Lt. Stew Anderson was on vacation just two weeks before his retirement. The reason for the getaway: helping Houston recover from catastrophic flooding.
Anderson announced his retirement on social media Sept. 22 after serving 28 years as Natrona County's emergency management coordinator.
In addition to his county position, the 28-year-old Anderson also serves with the Federal Emergency Management Administration in a reserve capacity.
The FEMA position is what put him on Thursday in Texas, where he served as a liaison between the federal agency and local governments. That's where he'll return after his retirement becomes effective -- on Friday the 13th.
Anderson began his time coordinating the county's emergency service departments on another inauspicious day, April Fool's Day, 1989. After initially taking the position in tandem with his duties running the sheriff's department's patrol division, he found working both jobs was too much.
Anderson went to his boss, then-Sheriff Ron Ketchum, and told him he was overwhelmed.
"He said, 'OK, pick one, as long as it's emergency management,'" Anderson recalled Thursday.
Anderson took Ketchum's advice, and in the nearly three decades since, he developed a taste for the job.
"One of the most fascinating things about emergency management is: I deal with large things I have no control over," Anderson said.
Fires and floods
Anderson has been responsible for heading up the county's Emergency Management Administration, which handles responses to disasters like the 2015 Cole Creek fire and periodic flooding along the North Platte River. His office also heads up the county's Community Emergency Response Team, which is composed of local citizens who are trained to respond to emergencies. Those teams were formed in 1999 and in the years since have headed out of the county to respond to a hurricane in Atlanta, flooding in Kaycee and a tornado in Wright.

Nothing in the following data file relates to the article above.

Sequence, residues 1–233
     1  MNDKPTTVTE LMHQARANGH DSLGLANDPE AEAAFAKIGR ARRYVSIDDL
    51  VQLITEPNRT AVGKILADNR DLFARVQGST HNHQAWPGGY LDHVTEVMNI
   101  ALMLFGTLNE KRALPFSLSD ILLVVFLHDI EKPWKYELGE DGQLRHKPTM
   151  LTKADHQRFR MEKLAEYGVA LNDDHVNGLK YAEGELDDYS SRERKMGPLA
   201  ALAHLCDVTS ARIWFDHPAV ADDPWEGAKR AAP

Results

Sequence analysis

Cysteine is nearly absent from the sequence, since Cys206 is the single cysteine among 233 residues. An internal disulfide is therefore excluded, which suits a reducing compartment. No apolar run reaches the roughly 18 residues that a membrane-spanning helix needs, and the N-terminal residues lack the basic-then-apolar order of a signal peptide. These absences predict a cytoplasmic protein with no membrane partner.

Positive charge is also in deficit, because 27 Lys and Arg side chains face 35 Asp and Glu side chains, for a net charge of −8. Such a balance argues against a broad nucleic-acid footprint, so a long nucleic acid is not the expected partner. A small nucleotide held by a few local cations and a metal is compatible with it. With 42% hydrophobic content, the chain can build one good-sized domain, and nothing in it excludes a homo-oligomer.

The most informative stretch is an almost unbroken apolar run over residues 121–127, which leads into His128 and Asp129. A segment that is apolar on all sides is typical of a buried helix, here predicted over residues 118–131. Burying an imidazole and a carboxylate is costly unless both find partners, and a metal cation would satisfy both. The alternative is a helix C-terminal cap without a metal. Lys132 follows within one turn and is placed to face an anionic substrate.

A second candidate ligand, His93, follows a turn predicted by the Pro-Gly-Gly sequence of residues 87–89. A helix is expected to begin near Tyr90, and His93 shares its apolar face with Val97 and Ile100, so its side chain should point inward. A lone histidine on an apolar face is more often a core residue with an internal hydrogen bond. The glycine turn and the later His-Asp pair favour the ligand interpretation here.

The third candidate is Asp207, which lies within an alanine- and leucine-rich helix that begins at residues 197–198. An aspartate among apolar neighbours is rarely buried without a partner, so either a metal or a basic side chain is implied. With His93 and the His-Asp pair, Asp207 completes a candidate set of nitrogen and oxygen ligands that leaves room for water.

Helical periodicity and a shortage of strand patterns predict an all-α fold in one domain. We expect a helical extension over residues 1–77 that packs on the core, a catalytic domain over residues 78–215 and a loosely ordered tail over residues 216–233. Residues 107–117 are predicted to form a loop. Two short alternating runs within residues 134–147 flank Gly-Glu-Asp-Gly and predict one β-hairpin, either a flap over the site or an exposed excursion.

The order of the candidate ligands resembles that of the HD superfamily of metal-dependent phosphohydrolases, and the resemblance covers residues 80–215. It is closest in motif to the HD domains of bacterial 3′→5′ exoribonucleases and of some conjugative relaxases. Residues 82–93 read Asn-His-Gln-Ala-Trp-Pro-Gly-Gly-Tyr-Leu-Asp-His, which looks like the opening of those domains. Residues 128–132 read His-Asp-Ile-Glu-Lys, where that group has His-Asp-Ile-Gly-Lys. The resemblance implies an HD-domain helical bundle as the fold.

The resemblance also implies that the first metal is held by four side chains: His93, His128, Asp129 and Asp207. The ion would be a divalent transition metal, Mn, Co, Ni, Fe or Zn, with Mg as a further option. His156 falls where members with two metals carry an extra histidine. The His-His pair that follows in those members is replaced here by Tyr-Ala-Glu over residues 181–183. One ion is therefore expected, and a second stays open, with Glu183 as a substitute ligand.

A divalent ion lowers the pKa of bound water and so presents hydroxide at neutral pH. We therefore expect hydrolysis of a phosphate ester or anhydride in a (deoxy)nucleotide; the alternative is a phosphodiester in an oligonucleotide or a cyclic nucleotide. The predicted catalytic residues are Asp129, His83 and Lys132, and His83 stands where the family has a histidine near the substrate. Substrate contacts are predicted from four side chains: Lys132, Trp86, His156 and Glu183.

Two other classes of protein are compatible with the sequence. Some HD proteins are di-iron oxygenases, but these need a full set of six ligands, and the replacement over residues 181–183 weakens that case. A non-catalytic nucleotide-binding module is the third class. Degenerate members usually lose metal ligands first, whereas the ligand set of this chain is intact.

Anderson said the power of those events gave him appreciation for his role.
"Several times I've been awestruck by Mother Nature," he said. "All you can do is take people out of the way."
It's a little insight into what Anderson and his colleagues refer to as a "bug," caught like the flu.
Thanks to Anderson, Waynette Spence is one of those who caught the bug.
Anderson introduced Spence to emergency- and first-response work when she found herself "rattled to the bones" by the terrorist attacks of Sept. 11, 2001. She joined Natrona County's CERT program, and a year after she was trained, Anderson asked her to start teaching, she said. She thought she should possess a more comprehensive understanding of medicine, so she took an emergency medical technician class, with Anderson's blessing.
On her first ambulance ride-along, Spence discovered she loved the work.
"And I was helping," she said. "And I could do something about it."
Spence spent the next 13-plus years with Evansville Emergency Services before retiring from a career begun with the help of Anderson.
"People do not know what a community servant (Anderson) is," Spence said. "He's got a heart as big as Texas, he really does."
Anderson also taught emergency medicine to sheriff's deputies, Sheriff Gus Holbrook said. Holbrook said Anderson has a "true love for sharing" his knowledge.
Two years ago, Anderson gave Holbrook a heads up: An eclipse in 2017 would draw big crowds.
Anderson spent the next two years preparing for Casper to be inundated with out-of-town visitors for the festival. The event went off without a hitch.
Off into the sunset
As for why he decided to call it quits now, Anderson said there was a confluence of factors. He'd maxed out his retirement, had about wrapped up two separate department re-certifications that are due every five years and had put the eclipse festival in his rearview mirror.
"It's a good point to pass the baton, so to speak," Anderson said.
Lt. John Harlan is slated to take Anderson's place as the new Emergency Management Coordinator. After working with Anderson for 11 years as the sheriff's office emergency management division sergeant, Harlan said Anderson's retirement is well earned.
"I'm happy for him," Harlan said. "He's poured his heart and soul into the community."
Anderson won't be taking it too easy in retirement, though. He'll have a weekend off, then head back to Houston the following Monday.
Holbrook said he wouldn't expect Anderson to take retirement easy.
"It's not in his nature," he said.